Setting aside the efficacy of BMPs and the related religious debates, I bet we can all agree that without BMPs, Goliath—IBM in my perhaps fanciful example above—can block the public, especially the little guy. Section 18 in the patent bill gives banks a new tool, unique for banks, to stop David from getting their idea to the market. And this troubles me for it moves us toward that proverbial slippery slope.
At the end of the day, Section 18 of H.R.1249, the America Invents Act of 2011 is frankly, akin to a government regime not granting a permit to open a business simply because one is from the wrong caste or religion or political party... and that's not the government regime of this nation, who independence we celebrate today. Yet it appears some special interests in patent reform may have an otherwise misguided view to the contrary.
Your ball GAM|out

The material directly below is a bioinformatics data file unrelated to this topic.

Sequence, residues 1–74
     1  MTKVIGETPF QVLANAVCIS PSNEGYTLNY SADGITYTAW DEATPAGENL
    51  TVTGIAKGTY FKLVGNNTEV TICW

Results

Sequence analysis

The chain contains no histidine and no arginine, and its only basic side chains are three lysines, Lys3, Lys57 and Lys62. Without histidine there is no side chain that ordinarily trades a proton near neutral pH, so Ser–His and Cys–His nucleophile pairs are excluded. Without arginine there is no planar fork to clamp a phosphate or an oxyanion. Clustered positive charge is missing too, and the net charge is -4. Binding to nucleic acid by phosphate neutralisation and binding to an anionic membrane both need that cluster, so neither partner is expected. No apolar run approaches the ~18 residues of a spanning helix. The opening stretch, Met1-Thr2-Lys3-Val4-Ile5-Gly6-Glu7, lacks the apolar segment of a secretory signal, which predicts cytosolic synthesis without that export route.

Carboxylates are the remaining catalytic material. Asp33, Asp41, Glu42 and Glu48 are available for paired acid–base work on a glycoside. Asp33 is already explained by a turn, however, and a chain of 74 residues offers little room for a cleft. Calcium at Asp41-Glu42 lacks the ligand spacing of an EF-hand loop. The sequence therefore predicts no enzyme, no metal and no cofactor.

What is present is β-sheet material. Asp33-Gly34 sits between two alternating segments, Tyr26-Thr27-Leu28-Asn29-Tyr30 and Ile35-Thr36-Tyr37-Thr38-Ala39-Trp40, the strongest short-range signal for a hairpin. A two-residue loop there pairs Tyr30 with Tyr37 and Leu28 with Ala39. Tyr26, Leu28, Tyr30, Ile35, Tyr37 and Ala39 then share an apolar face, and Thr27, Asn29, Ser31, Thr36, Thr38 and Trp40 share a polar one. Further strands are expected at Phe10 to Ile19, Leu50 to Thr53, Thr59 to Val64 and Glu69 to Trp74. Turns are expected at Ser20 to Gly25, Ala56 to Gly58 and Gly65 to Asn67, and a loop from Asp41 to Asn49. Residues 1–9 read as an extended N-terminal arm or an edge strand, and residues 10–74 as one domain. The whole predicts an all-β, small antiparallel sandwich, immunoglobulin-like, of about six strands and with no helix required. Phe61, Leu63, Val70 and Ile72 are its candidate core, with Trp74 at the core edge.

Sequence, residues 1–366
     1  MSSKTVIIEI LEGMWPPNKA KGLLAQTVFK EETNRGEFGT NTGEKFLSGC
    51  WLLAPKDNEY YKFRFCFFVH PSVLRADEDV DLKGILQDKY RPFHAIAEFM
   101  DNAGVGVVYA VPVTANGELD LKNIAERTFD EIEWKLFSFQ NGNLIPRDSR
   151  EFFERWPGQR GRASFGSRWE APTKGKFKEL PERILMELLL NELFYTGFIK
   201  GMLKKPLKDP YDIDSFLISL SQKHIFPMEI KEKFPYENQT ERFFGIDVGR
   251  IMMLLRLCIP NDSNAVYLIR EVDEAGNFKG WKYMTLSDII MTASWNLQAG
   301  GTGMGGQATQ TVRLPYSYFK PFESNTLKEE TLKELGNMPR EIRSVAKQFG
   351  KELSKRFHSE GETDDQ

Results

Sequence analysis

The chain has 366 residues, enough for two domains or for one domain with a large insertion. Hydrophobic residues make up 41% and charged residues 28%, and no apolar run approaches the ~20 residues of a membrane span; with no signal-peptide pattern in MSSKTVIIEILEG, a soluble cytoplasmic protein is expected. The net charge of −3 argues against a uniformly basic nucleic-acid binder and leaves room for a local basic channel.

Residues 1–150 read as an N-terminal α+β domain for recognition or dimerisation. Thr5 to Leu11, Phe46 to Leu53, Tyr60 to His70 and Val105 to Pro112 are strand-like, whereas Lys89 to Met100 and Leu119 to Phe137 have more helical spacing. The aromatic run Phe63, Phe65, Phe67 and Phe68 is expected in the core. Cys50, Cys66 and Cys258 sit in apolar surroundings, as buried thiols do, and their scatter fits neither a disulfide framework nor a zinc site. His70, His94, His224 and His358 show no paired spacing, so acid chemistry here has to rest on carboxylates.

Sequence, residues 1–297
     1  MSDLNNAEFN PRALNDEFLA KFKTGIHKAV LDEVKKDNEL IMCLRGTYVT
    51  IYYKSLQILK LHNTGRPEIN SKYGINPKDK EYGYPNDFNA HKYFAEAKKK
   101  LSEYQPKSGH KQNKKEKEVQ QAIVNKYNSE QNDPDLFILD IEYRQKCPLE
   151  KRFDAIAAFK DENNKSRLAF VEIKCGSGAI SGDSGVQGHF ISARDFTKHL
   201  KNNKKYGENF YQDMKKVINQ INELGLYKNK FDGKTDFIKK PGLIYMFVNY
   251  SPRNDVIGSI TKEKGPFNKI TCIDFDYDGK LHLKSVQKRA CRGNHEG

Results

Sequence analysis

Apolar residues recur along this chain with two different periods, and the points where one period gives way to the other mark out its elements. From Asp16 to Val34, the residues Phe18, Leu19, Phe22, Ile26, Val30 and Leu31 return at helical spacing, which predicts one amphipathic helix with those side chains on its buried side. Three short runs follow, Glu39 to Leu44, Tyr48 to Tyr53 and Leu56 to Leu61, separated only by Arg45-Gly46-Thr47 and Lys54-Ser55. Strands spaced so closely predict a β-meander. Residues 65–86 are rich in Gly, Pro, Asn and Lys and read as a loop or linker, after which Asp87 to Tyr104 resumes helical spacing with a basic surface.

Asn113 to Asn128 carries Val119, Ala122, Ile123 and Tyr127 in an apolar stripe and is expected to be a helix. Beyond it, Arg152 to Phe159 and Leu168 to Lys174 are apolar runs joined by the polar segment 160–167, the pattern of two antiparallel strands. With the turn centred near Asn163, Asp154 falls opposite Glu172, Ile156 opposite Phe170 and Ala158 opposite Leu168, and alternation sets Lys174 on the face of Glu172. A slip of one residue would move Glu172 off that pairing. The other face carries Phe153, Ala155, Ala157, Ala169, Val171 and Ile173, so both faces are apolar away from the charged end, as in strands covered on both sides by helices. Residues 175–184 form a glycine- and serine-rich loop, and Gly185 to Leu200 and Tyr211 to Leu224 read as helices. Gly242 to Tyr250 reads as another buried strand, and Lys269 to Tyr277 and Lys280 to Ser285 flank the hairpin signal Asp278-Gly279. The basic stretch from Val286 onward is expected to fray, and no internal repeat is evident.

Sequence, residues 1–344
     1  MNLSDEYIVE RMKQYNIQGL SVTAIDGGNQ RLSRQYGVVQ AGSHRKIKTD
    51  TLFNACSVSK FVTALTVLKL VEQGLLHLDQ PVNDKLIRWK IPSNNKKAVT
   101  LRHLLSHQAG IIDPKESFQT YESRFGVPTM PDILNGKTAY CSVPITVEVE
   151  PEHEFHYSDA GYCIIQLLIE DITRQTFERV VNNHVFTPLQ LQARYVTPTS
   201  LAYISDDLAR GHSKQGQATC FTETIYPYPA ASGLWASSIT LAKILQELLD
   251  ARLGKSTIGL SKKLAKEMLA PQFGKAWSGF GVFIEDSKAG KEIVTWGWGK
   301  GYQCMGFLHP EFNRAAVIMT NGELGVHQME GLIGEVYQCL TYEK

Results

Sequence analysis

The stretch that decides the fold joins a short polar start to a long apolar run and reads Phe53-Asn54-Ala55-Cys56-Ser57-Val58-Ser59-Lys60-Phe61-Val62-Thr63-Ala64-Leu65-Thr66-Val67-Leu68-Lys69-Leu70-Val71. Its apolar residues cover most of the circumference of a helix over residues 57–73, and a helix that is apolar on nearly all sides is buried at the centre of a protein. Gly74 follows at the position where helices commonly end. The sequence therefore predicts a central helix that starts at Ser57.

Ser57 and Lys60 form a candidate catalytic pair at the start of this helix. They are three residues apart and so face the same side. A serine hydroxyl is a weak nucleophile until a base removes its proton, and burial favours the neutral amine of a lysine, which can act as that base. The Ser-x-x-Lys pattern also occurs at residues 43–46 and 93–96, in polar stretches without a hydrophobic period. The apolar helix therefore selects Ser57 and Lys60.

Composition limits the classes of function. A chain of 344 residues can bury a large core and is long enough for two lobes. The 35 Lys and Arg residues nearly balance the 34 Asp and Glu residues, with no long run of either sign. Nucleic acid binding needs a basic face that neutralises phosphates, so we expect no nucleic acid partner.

Sorry we've been away from the podium here for a couple of weeks. We're heads-down on some very exciting projects. But not nearly as exciting as what I have to announce today. Let's get right to it.
The time has come. Some might argue it’s overdue. Growth of the activities and work here, and the need for speed in advancing the agenda of open source elections technology triggers today’s announcement:
The OSDV Foundation Leadership Team is growing, and we're officially recruiting for a new Chief Executive Director.
The search is on, and we want your help in locating an absolute “A-player” to lead the next level of growth for the Open Source Digital Voting Foundation.
“Wait a minute,” you say. “Wait a minute! Doesn’t the Foundation already have an Executive Director… or actually like two of them?” Oh, definitely—you're right, two of them. John Sebes and myself, co-founders and co-executive directors (as mandated by the Foundation’s by-laws), have been tirelessly leading and managing this 4-year effort since Day 1 with the generous support and advice of our Board.